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comment on patent policy

From: Kannan Vijayan <k4vijaya@student.math.uwaterloo.ca>
Date: Tue, 2 Oct 2001 11:35:07 -0400 (EDT)
Message-Id: <200110021535.LAA09403@bacon.math.uwaterloo.ca>
To: www-patentpolicy-comment@w3.org

I am writing this in response to the request for public comments on the Patent Policy Framework working draft.

I strongly feel that it would be a mistake for the W3C to adopt any standard which relies on patented technology.  As such, the proposal to allow the launch of standards development activities under the Reasonable and Non Discriminatory Licensing Mode, as well as the Royalty Free Licensing Mode, should be rejected.

It is clear to see that accessibility to developers has played a large part in the success of the web.  By accessibility, I mean the ability for any developer to implement the related standards without worrying about legal or intellectual property issues.  This freedom encourages many people to implement WWW standards and provide web accessibility where it was not available or inconvenient before.

W3M, for example, is a curses-based text mode web browser that supports tables, frames, and secure connections, and was developed entirely by an individual in Japan.  If any of the features implemented by W3M had been encumbered by patent licensing issues, it is very plausible that the browser would not exist today.

A better example is Konqueror - a web browser based on the KDE Toolkit and available for a number of operating systems.  Konqueror is developed by a nonprofit community of developers.  For projects such as these, patent license issues cause roadblocks to development.  It is questionable wether a community of developers should be required to afford a license fee simply to implement a standards conforming browser.  Even when license fees are not concerned, the developers must be aware of the licensed technologies in their code, keep track of it as the code changes, as well as be aware of any changes in licensing policy by the patent holder.  Furthermore, a project like Konqueror would be forced to present an organized, formal front which would manage the license issues.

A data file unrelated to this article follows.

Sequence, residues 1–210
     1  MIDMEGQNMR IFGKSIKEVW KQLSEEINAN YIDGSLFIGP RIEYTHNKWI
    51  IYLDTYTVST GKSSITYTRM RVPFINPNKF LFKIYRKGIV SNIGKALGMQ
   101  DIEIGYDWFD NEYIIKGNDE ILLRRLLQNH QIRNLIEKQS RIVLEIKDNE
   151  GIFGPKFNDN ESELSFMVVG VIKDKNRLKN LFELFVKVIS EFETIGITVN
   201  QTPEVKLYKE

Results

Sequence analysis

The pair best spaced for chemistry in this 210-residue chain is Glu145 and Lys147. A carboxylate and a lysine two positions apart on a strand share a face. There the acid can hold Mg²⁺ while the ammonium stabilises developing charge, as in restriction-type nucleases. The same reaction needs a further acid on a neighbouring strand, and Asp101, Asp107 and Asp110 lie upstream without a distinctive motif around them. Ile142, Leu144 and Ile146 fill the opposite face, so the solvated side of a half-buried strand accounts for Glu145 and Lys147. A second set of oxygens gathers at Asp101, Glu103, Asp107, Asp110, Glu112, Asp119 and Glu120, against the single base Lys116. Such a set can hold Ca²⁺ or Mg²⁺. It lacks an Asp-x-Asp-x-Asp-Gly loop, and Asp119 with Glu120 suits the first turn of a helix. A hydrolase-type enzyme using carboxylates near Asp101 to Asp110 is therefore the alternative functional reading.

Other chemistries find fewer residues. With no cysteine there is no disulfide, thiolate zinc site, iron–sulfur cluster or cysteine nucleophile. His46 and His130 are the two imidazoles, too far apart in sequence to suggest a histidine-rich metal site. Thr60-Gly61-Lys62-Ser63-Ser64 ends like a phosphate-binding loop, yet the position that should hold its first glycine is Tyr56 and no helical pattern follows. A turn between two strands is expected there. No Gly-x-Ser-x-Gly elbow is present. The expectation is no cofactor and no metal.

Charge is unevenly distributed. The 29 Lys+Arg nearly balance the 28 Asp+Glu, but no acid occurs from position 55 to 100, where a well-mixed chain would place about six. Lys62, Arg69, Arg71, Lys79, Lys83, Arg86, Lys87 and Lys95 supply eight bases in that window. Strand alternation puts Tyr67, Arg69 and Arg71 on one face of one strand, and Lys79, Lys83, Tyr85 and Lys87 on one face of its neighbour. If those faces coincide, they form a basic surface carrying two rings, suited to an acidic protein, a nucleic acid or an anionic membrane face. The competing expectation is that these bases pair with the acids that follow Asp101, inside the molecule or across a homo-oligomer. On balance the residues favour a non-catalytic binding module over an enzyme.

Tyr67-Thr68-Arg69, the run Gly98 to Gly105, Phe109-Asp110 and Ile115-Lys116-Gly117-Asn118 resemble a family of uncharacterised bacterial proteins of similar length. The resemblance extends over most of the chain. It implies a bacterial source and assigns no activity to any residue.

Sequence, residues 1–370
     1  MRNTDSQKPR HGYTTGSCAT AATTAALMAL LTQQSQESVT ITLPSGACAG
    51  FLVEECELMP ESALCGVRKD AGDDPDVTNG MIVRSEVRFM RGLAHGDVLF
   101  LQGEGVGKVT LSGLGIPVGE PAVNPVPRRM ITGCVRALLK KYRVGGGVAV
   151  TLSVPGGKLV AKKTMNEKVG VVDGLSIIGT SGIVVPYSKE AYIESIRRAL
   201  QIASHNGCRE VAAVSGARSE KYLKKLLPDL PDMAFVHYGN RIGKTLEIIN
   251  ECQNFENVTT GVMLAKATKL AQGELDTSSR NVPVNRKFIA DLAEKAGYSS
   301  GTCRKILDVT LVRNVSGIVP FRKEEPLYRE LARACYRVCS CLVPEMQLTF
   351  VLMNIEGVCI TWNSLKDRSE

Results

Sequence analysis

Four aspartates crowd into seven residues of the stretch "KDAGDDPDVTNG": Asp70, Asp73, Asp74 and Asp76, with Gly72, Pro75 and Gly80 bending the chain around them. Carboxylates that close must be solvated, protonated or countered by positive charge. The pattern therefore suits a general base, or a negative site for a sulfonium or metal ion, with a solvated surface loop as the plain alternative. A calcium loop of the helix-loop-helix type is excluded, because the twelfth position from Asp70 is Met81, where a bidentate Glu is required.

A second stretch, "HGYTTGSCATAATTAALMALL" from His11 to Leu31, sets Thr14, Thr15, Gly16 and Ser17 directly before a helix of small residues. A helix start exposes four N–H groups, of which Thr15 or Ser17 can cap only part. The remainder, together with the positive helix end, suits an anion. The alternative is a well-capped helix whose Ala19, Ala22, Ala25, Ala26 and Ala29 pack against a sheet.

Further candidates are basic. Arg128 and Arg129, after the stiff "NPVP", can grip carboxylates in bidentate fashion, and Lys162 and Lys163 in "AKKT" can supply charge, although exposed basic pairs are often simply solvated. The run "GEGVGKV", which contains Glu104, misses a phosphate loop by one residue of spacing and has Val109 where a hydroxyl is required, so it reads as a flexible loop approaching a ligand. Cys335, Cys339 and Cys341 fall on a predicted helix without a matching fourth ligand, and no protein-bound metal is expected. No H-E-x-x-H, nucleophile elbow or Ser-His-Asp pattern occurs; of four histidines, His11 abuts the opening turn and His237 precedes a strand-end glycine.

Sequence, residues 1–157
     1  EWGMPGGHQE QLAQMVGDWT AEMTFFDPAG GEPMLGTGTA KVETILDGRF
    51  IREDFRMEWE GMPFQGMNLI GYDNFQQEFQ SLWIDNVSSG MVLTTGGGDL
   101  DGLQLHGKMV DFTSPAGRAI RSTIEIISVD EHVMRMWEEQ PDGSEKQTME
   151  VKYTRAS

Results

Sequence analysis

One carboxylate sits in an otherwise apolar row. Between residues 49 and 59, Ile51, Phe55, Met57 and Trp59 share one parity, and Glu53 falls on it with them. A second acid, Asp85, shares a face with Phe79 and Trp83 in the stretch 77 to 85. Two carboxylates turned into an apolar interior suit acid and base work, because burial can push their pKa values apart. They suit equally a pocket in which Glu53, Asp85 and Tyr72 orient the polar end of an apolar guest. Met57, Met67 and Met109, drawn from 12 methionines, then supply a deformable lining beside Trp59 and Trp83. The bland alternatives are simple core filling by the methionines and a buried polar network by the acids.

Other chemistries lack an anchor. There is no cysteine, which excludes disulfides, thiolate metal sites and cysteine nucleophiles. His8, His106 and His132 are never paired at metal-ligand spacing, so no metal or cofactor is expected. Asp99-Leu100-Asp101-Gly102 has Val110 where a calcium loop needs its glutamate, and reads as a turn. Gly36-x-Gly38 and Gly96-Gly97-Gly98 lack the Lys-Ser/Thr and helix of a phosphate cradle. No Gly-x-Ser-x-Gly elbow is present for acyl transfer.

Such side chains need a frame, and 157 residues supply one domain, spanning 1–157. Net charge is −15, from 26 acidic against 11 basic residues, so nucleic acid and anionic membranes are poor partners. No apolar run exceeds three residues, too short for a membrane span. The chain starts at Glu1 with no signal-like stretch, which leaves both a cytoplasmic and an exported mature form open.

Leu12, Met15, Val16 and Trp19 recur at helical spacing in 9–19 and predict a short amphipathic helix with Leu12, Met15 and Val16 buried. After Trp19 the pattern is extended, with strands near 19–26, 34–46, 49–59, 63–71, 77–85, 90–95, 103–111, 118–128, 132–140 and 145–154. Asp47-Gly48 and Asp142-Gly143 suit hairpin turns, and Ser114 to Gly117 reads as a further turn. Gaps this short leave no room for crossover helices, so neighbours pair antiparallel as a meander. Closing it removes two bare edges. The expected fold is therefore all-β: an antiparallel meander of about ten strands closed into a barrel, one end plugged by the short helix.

If forced to deal with patent licensing, individual or will need to put significantly more effort into implementing a standards conforming browser.  This would reduce the amount of WWW related development.  More importantly, this disagrees with the open and accessible Web that the W3C promotes.

There is a more practical argument against both RAND and RF licencing being used in WWW standards.  The W3C has no way of ensuring that patents will always conform to the RAND/RF specifications.  For example, the company that holds the patent could get bought out by a parent company which has a different patent policy.  There is also the possibility that companies acting in bad faith can take advantage of this provision to make the web a more proprietary place - restricting the licensing agreements only after a patent-encumbered standard is widely accepted.  A standard, once successful and widely accepted, is extremely difficult to revoke.  Thus, care should be taken to avoid any situation where the WWW can be threatened by patent-encumbered standards.

For the reasons outlined above, the W3C should reject the proposals for allowing standards development activities under either Royalty-Free or Reasonable and Non-Disciminatory  Licensing Modes.

As a commercial software developer, a free software developer, and student, I urge you to make the right decision.

Thank you for taking the time to read this comment.

-Kannan Vijayan

Received on Tuesday, 2 October 2001 11:35:10 UTC

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